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Inhaled pulmonary vasodilators are not associated with improved gas exchange in mechanically ventilated patients with COVID-19: A retrospective cohort study

Lubinsky, Anthony Steven; Brosnahan, Shari B; Lehr, Andrew; Elnadoury, Ola; Hagedorn, Jacklyn; Garimella, Bhaskara; Bender, Michael T; Amoroso, Nancy; Artigas, Antonio; Bos, Lieuwe D J; Kaufman, David
PURPOSE/OBJECTIVE:Measure the effect of inhaled pulmonary vasodilators on gas exchange in mechanically ventilated patients with COVID-19. METHODS:ratio, oxygenation Index (OI), and ventilatory ratio (VR) after initiation of inhaled pulmonary vasodilators. RESULTS:, OI and VR did not significantly change over a five day period starting the day prior to drug initiation in patients who received either iNO or iEPO assessed with a fixed effects model. CONCLUSION/CONCLUSIONS:Inhaled pulmonary vasodilators were not associated with significant improvement in gas exchange in mechanically ventilated patients with COVID-19.
PMCID:8847100
PMID: 35180636
ISSN: 1557-8615
CID: 5163672

Effects of corticosteroids in hospitalized patients with legionella pneumonia cohort study [Meeting Abstract]

Beaty, W; Elnadoury, O; Lubinsky, A
INTRODUCTION: Legionella pneumophila is an important cause of both community and hospital-acquired pneumonia. Despite this, little literature has assessed the therapeutic benefit of corticosteroid use and no specific guidelines exist. We sought to investigate the association between corticosteroid use and in-hospital mortality for patients hospitalized with Legionella pneumonia.
METHOD(S): Data was retrospectively collected from January 2012 to July 2019 at a 705 bed hospital in New York City. Patients were included if they received a positive Legionella test via serology, urine antigen, or culture. Exclusion criteria included prior immunosuppressive therapy, prior systemic corticosteroid use, and HIV diagnosis. We assessed the relationship between corticosteroid use and in-hospital mortality, ICU admission, and length of hospitalization. Statistical analyses were performed in RStudio.
RESULT(S): The study included 160 patients, among which 32 (20%) received corticosteroids. Overall mortality was 7.5% (12.5% among corticosteroid recipients, 6.2% among controls). 25% of patients were admitted to the ICU (37.5% among corticosteroid recipients, 21.9% among controls). Case-controlled logistic regression showed corticosteroid use was not significantly associated with mortality (aOR = 2.48 [95% CI: 0.24, 25.9], p=.45) with a trend towards increased ICU admissions (aOR = 2.21 [0.87, 5.61], p=.09). Linear regression showed corticosteroid use was not significantly associated with a change in hospitalization length (Adjusted Coefficient: 1.65 days [-1.00, 4.31], p=.22).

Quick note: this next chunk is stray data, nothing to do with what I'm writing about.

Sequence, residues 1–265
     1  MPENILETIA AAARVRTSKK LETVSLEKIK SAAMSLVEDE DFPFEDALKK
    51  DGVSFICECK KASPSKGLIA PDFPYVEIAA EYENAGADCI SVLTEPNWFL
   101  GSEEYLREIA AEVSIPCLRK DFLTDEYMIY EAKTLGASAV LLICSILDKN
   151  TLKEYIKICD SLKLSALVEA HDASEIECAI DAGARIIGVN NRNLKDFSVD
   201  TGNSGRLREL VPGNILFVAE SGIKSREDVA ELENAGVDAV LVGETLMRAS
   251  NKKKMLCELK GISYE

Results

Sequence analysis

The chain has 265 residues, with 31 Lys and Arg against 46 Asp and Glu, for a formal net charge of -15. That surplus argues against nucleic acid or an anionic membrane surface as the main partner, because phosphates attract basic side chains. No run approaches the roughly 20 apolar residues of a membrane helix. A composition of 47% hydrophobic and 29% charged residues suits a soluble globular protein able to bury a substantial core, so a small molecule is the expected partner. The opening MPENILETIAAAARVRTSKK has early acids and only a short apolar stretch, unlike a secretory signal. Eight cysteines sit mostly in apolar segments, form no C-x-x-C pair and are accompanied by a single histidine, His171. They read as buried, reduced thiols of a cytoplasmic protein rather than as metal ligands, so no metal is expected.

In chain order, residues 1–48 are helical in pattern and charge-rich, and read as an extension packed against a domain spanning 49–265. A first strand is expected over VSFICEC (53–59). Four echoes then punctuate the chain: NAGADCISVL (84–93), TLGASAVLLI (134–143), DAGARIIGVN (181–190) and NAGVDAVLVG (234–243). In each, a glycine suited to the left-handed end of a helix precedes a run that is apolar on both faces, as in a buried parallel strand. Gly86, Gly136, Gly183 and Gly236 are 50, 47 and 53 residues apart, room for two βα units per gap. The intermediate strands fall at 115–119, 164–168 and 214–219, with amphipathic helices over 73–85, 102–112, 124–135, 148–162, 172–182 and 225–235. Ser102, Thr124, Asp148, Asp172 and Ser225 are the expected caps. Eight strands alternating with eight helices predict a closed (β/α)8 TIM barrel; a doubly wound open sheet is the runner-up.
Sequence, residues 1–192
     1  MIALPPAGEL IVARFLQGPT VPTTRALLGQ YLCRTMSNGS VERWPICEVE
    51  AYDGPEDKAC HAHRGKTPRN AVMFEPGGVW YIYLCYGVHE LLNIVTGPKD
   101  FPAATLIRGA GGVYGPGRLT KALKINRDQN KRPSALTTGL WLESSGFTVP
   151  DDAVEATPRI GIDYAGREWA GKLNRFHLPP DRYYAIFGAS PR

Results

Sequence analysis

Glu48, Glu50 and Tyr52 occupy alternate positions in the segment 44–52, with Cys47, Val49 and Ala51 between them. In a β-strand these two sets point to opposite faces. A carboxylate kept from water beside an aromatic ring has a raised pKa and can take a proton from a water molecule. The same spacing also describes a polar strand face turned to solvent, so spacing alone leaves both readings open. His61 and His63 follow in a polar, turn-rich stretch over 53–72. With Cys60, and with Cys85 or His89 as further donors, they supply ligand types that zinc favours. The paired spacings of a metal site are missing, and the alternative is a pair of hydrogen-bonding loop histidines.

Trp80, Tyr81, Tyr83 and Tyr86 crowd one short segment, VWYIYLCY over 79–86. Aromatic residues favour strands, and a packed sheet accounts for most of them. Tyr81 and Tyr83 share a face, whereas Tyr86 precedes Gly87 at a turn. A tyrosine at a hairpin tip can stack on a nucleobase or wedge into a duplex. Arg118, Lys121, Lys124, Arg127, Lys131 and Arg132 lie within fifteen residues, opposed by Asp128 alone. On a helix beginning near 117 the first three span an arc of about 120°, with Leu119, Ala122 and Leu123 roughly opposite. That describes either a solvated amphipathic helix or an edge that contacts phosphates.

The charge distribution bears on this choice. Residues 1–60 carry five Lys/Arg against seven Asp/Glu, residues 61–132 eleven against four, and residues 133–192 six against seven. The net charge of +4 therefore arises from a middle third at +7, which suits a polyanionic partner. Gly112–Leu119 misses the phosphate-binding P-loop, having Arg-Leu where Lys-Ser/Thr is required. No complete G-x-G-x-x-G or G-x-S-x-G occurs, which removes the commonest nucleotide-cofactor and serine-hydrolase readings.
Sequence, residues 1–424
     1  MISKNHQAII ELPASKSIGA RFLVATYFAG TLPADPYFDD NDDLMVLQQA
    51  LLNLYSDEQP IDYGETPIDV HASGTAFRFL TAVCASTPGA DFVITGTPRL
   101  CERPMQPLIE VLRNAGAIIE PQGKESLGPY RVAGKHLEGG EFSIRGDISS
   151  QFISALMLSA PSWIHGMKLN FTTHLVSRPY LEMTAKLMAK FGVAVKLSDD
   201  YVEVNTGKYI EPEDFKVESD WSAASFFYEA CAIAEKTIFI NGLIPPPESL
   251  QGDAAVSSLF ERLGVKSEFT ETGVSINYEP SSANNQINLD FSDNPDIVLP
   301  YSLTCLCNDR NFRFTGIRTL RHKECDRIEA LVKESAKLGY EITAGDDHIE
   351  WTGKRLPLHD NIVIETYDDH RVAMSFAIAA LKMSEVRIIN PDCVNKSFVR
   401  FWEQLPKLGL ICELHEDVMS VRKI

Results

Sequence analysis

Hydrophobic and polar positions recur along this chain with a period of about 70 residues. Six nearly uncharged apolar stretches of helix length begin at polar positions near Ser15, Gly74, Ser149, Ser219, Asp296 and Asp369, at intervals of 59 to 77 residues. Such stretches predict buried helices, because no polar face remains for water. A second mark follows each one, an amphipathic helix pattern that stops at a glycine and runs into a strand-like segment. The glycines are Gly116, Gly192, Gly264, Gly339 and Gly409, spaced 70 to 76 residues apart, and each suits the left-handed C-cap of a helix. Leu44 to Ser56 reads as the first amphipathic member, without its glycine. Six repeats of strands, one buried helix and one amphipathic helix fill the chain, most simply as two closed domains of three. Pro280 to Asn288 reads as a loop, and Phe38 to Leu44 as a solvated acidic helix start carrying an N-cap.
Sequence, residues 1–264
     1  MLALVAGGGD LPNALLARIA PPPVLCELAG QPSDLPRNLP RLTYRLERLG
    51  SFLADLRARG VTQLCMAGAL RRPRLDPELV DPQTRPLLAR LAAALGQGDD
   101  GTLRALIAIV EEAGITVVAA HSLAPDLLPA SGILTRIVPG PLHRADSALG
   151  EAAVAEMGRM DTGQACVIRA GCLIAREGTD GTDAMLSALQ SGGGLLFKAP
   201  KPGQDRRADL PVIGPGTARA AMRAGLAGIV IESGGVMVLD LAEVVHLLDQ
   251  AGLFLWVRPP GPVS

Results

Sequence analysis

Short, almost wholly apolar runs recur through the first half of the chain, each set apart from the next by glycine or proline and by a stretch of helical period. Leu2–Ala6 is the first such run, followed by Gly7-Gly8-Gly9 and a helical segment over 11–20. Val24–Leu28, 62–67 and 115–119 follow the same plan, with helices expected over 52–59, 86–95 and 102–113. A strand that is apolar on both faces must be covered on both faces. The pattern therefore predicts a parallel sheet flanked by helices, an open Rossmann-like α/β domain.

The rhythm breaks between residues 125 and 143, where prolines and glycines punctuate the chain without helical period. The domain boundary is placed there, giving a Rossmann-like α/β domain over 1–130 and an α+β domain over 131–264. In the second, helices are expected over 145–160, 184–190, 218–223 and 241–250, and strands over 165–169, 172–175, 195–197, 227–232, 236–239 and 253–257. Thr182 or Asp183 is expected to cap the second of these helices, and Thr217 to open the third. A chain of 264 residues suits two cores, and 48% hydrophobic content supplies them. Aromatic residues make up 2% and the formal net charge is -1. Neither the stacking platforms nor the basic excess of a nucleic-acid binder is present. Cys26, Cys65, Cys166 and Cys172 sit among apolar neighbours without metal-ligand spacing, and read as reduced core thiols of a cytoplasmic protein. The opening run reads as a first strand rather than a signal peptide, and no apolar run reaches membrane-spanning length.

CONCLUSION(S): We found that in patients hospitalized with Legionella pneumonia, patients who were given corticosteroids were not significantly associated with longer hospitalization, mortality, or ICU admissions. All findings held true when adjusting for known predictors of pneumonia severity. It is possible that differences in outcomes were due to underlying variation in demographics or illness severity not captured by known confounds. Because pneumonia generally has a low mortality rate, it is difficult to adequately power studies to capture therapeutic benefit. Legionella often goes undiagnosed and the true burden may not be fully understood. Further randomized studies are necessary to elucidate specific patient populations that may benefit from therapy
EMBASE:637190318
ISSN: 1530-0293
CID: 5158312

Microbial signatures in the lower airways of mechanically ventilated COVID-19 patients associated with poor clinical outcome

Sulaiman, Imran; Chung, Matthew; Angel, Luis; Tsay, Jun-Chieh J; Wu, Benjamin G; Yeung, Stephen T; Krolikowski, Kelsey; Li, Yonghua; Duerr, Ralf; Schluger, Rosemary; Thannickal, Sara A; Koide, Akiko; Rafeq, Samaan; Barnett, Clea; Postelnicu, Radu; Wang, Chang; Banakis, Stephanie; Pérez-Pérez, Lizzette; Shen, Guomiao; Jour, George; Meyn, Peter; Carpenito, Joseph; Liu, Xiuxiu; Ji, Kun; Collazo, Destiny; Labarbiera, Anthony; Amoroso, Nancy; Brosnahan, Shari; Mukherjee, Vikramjit; Kaufman, David; Bakker, Jan; Lubinsky, Anthony; Pradhan, Deepak; Sterman, Daniel H; Weiden, Michael; Heguy, Adriana; Evans, Laura; Uyeki, Timothy M; Clemente, Jose C; de Wit, Emmie; Schmidt, Ann Marie; Shopsin, Bo; Desvignes, Ludovic; Wang, Chan; Li, Huilin; Zhang, Bin; Forst, Christian V; Koide, Shohei; Stapleford, Kenneth A; Khanna, Kamal M; Ghedin, Elodie; Segal, Leopoldo N